I cling to a common illusion: I am an independent and self-sufficient woman. And then reality intervenes and reminds me I’m only independent and self-sufficient as long as nothing goes wrong—as long as my car doesn’t start making “that” noise, or until I need my husband’s paycheck as well as mine to cover the mortgage and the bills.
Does that sound familiar?
I’ve carried this illusion of independence for years. It’s a choice many of us make in the face of disappointment, rejection, heartbreak. You know your story; here’s mine. I knew I was on my own when the bullet that tore into Daddy’s brain shattered the family into a million bleeding pieces. With Mom lost in her own grief, I scraped together as many of those pieces as I could and began pretending to be a whole human being. My mother’s mantra became mine as well. You can’t depend on anybody. Everybody will desert you, abandon you, reject you, let you down. They will all leave, just like Daddy did.
And so I sought rejection, as if to prove that Mom was right. I was a fiercely independent single mother for almost 10 years, and pathetically dependent on drugs and alcohol for more than half that time. It took six long years of increasing insanity before I came to the point where, as they say in step 1, I realized I was in control of nothing. I got clean and sober—and promptly declared, “I’ll take it from here.”
I call it my “Leo Marvin Syndrome,” from the movie “What About Bob?” Bob, the neurotic, therapist-stalking patient, follows his pompous psychiatrist, Doctor Leo Marvin, to the Marvin’s summer home at Lake Winnipesaukee. Halfway through the movie, Bob is able to help Siggy, Dr. Marvin’s son, overcome his fear and dive off the dock into the lake. Leo, seeing Bob succeed where he had repeatedly failed, comes barreling down the stairs and out of the house yelling, “I’ll take it from here! I’ll take it from here!” Of course, his attempt to regain control backfires and sets in motion the chain of events that leads to Leo’s breakdown a few reels later.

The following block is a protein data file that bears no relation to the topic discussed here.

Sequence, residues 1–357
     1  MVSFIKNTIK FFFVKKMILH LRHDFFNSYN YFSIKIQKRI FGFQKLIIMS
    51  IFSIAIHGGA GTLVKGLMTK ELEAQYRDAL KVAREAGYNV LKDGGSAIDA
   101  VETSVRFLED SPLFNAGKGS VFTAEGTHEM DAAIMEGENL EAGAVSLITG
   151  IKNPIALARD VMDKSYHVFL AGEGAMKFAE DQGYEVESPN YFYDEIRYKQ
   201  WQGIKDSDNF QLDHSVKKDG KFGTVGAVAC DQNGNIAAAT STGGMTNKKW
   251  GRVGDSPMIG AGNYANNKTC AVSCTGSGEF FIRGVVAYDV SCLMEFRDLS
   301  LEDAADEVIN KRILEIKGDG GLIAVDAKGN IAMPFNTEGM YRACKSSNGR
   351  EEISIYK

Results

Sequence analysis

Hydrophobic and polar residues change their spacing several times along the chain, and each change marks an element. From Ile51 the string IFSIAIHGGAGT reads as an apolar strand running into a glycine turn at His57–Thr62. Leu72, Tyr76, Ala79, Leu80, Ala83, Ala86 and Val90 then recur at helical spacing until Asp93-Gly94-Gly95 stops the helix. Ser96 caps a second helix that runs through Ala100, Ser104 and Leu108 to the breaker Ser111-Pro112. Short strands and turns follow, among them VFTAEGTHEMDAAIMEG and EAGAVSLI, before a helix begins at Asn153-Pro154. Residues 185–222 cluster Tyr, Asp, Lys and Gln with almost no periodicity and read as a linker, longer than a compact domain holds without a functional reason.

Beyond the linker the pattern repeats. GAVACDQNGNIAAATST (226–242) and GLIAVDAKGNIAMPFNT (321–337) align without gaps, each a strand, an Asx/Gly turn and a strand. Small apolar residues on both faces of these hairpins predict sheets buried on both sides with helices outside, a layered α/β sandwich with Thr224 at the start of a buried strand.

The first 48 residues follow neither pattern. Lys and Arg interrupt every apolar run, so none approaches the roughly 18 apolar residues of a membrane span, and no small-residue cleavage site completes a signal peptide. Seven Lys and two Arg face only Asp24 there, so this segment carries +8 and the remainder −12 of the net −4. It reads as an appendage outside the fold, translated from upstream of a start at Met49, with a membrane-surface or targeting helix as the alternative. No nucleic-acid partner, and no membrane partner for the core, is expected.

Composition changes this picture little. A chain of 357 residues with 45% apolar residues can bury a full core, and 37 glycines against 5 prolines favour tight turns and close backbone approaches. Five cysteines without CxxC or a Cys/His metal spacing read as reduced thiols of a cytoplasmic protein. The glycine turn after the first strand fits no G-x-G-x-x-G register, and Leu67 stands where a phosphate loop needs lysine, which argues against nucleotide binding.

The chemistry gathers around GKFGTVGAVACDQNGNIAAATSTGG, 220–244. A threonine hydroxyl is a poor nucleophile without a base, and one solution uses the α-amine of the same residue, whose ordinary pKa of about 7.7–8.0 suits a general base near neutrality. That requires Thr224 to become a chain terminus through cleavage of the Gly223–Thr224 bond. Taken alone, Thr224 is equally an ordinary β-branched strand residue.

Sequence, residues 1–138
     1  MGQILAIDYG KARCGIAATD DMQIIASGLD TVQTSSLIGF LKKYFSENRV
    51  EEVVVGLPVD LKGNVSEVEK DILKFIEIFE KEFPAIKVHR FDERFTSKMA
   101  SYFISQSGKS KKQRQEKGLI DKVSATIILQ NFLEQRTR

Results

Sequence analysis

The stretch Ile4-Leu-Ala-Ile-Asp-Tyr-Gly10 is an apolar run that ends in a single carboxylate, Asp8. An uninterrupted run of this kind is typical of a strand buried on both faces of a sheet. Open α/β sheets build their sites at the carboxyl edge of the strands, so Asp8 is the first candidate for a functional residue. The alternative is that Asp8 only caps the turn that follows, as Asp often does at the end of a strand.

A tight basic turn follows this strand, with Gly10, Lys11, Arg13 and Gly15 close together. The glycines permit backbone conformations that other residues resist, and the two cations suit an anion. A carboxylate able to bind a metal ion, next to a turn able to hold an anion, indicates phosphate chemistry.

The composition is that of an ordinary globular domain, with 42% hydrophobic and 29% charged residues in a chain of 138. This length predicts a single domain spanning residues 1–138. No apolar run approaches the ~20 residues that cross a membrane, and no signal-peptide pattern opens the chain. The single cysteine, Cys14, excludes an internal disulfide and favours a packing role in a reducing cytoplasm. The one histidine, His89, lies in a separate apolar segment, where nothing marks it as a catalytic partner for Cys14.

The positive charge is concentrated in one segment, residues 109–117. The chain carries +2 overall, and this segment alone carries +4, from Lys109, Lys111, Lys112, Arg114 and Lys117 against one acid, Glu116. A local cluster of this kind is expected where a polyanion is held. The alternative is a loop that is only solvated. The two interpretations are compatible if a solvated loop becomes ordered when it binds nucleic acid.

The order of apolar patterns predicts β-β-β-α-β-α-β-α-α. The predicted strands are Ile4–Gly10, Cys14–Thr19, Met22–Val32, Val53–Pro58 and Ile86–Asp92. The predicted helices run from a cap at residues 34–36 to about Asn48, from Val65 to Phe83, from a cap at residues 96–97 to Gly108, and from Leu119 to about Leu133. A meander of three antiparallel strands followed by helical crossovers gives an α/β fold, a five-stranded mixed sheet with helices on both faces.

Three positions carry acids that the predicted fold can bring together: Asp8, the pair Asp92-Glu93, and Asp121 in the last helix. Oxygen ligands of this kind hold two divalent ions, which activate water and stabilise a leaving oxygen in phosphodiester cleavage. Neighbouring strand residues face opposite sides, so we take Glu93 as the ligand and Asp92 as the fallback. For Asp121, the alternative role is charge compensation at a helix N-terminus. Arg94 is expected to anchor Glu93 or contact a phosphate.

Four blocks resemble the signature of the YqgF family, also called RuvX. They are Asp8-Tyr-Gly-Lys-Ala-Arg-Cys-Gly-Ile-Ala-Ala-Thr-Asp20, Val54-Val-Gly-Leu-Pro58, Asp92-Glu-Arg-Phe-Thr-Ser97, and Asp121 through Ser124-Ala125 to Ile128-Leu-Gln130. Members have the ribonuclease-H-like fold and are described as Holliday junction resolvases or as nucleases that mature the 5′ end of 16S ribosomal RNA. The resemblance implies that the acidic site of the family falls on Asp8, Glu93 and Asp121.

How many times have I done that in my own life?
I crawl into Alcoholics Anonymous, learn that I’m best off when I depend on God, get my life back together, and tell God, “Thank you very much; I’ll take it from here.” And proceed to make a mess of things again. I crawl into church, get my life back together, and tell God again (and again and again), “Thank you very much; I’ll take it from here.”
Apparently, I’m not the only one. Paul noticed the very same pattern: “You foolish Galatians! Having begun by the Spirit, are you now being perfected by the flesh?” (Galatians 3:1,3) He was speaking to a group of people who were vacillating between walking in the Spirit and reverting back to what they already knew: trying to ensure their own salvation through their own efforts.
Doesn’t that also sound familiar? We all face the same choice every day. Do I want to rely on my old habits, or do I choose to rely on the God Who wants to do so much more for me? Is it better to be the independent, self-reliant hot mess of a human being or a God-dependent, Spirit-filled follower of Jesus? What if I replace my mother’s mantra with a powerful four word prayer to the One Who will never abandon me, reject me, or let me down?
I need you, God.
Here’s my broken heart. I can’t mend it by myself; I need you, God. Here’s the relationship—with a spouse, a child, a parent, a friend—that breaks that heart. I can’t fix it; I need you, God. Here are the circumstances that are wearing me down. I can’t change them; I need you, God.
Whatever you are facing, you don’t have to face it alone. Say it aloud, say it to a friend, let it be your mantra. Try it and let me know what happens.
I need you God.
One thought on “four words that change everything”
Tara Lantieri September 7, 2015
Love this Karin, thank you for sharing your heart. I can relate in so many ways to your mantra and the struggle that pursues…felt like I could have been reading my own writing here. I too need Him.